Item #5000833 View of Elizabeth Bay, Elizabeth Bay House and Sydney from Darling Point. Conrad MARTENS.
View of Elizabeth Bay, Elizabeth Bay House and Sydney from Darling Point

View of Elizabeth Bay and Sydney…
View of Elizabeth Bay, Elizabeth Bay House and Sydney from Darling Point

Sydney: c 1845.

Original watercolour and pencil with gum arabic on paper, 310 x 500 mm; signed lower right C. Martens; in handsome nineteenth century frame; gold slip.

Elizabeth Bay and Sydney painted from Mrs Darling's Point Road

A superb Sydney Harbour scene, sweeping from Elizabeth Bay House in the middle-ground around to the lower north shore, showcasing Martens's remarkable talent at capturing the shimmering waters and the intense light of the city. Martens has chosen his viewpoint, the ridge at Darling Point looking back across Elizabeth Bay towards the city, with great care, giving full rein to his skill as a landscape artist while also allowing him to devote his typical care to the foliage in the foreground: his informal scientific training meant that he was one of the few colonial artists to really master the distinctive look of the Australian Bush, and he took unusual care to be botanically accurate. More, in the present picture he has purposefully set out to minimise the built landscape by positioning the central tree in just such a way as to mask most of the city apart from the imposing Stables for Government House (now the Conservatorium of Music).

A superb Sydney Harbour scene, sweeping from Elizabeth Bay House in the middle-ground around to the lower north shore, showcasing Martens's remarkable talent at capturing the shimmering waters and the intense light of the city. Martens has chosen his viewpoint, the ridge at Darling Point looking back across Elizabeth Bay towards the city, with great care, giving full rein to his skill as a landscape artist while also allowing him to devote his typical care to the foliage in the foreground: his informal scientific training meant that he was one of the few colonial artists to really master the distinctive look of the Australian Bush, and he took unusual care to be botanically accurate. More, in the present picture he has purposefully set out to minimise the built landscape by positioning the central tree in just such a way as to mask most of the city apart from the imposing Stables for Government House (now the Conservatorium of Music).

Conrad Martens (1801-1878) was one of the greatest early Sydney artists and probably now the best known of all colonial artists, who made his name sketching on the Beagle with Fitzroy and Darwin in South America. After arriving here in April 1835, Sydney became his great subject.

As the present painting fully attests, he was particularly drawn to the glittering waters east of the city through Woolloomooloo, Point Piper and Rose Bay. Soon after his arrival in Sydney Martens had made a series of forays along this southern shore of the harbour, with a number of his earliest views being made along the road which led to Macquarie's lighthouse. Martens had found his métier and some instant success, which very quickly brought him to the attention of Alexander Macleay, who was then building his famous Elizabeth Bay House, considered the "ultimate trophy home" and still one of the most beautiful colonial buildings in Sydney (MHNSW).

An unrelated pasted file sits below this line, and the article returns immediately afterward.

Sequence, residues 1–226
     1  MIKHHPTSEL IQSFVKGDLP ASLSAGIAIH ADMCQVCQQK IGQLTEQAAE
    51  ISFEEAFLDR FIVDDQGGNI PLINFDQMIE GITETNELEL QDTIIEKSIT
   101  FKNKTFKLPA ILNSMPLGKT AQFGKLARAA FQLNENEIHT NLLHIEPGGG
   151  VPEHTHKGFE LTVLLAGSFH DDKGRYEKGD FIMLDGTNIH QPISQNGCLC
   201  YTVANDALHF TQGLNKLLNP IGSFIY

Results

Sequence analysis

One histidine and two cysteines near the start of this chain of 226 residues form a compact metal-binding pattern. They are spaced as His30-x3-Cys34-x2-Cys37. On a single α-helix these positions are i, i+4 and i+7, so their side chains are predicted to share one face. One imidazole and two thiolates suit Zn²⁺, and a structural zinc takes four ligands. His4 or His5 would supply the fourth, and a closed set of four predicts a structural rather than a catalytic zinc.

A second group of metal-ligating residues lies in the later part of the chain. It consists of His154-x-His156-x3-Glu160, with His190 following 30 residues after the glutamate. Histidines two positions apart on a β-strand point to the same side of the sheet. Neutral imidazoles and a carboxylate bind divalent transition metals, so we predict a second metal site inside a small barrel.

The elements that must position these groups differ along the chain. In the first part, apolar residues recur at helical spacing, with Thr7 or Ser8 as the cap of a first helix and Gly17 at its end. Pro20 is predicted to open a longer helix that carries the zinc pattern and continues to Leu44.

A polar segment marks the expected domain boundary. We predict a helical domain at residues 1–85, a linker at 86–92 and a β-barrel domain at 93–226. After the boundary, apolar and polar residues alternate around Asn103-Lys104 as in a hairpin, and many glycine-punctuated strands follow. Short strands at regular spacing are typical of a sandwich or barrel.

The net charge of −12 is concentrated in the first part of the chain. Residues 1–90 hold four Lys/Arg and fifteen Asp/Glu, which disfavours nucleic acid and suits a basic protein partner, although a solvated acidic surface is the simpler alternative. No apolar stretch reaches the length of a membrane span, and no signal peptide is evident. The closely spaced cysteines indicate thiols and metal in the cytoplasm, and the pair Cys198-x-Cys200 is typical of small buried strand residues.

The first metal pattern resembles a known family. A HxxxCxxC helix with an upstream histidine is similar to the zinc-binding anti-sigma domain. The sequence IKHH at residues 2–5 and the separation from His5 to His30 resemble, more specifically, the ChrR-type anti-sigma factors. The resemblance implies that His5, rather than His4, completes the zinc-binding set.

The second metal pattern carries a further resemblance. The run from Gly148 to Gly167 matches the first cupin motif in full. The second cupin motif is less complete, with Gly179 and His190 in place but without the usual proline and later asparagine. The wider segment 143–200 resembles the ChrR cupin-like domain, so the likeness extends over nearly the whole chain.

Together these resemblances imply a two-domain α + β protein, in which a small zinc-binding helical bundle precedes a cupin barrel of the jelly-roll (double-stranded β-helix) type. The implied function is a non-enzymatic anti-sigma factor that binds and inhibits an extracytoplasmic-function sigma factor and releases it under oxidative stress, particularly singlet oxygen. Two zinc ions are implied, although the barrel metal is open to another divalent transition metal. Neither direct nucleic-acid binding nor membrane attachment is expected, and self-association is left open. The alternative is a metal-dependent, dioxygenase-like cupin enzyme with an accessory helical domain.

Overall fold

Macleay, a prominent natural historian and friend to grand figures in Britain including Sir James Edward Smith and Robert Brown, had needed some convincing to take up the position of Colonial Secretary to NSW in 1825, but quickly became a mainstay of Sydney politics and culture. Immensely friendly with Governor Darling, he was granted an imposing acreage at Elizabeth Bay and soon appointed the architect John Verge to build a magnificent stuccoed Greek-revival building, surrounded by a garden "famous for its rare plants" (ADB).

The house was of the greatest significance to Martens. The artist is known to have taken a series of pencil sketches of the house as it was being built by Verge, Macleay personally acquiring a view before the building was finished (in 1836) for three guineas, and definitely executing a small watercolour when it was finished. Most significantly, Martens then took a "stack of commissions to paint the house from suitors for Macleay's six beautiful daughters" (de Vries-Evans).

Martens learnt the technique of watercolour, especially a particular knack at depicting the effects of weather, from his teacher Copley Fielding; and the skills of strict topographical accuracy, infused with a particular interest in botany and cloud formations, while on the survey vessels Hyacinth (Capt. Blackwood) and especially the Beagle (Capt. Fitzroy) in the early 1830s. Throughout his career he could effectively draw on the two techniques at will and to great effect, as the current work shows very clearly.

These uncommon abilities stood him in good stead, his works greatly appreciated by any number of important critics: Darwin kept two of his old shipmate's sketches on the walls of his study and it is notable how many of the colonial scientists such as the Franklins and Sir Thomas Mitchell patronised him as well, quite apart from a rollcall of pastoralists and government officials.

This painting is considered to have been done by Martens in the mid-1840s, part of the series of Elizabeth Bay House commissions he took around this time. It is a particularly good example of his more atmospheric style, well-suited to a work which so vividly evokes the beauty of the harbour shoreline.

Provenance: Private collection, Melbourne; thence by descent.

Condition Report: Bright condition, sealed repaired tear in sky.

Price (AUD): $68,750.00

US$45,687.41   Other currencies

Ref: #5000833

Condition Report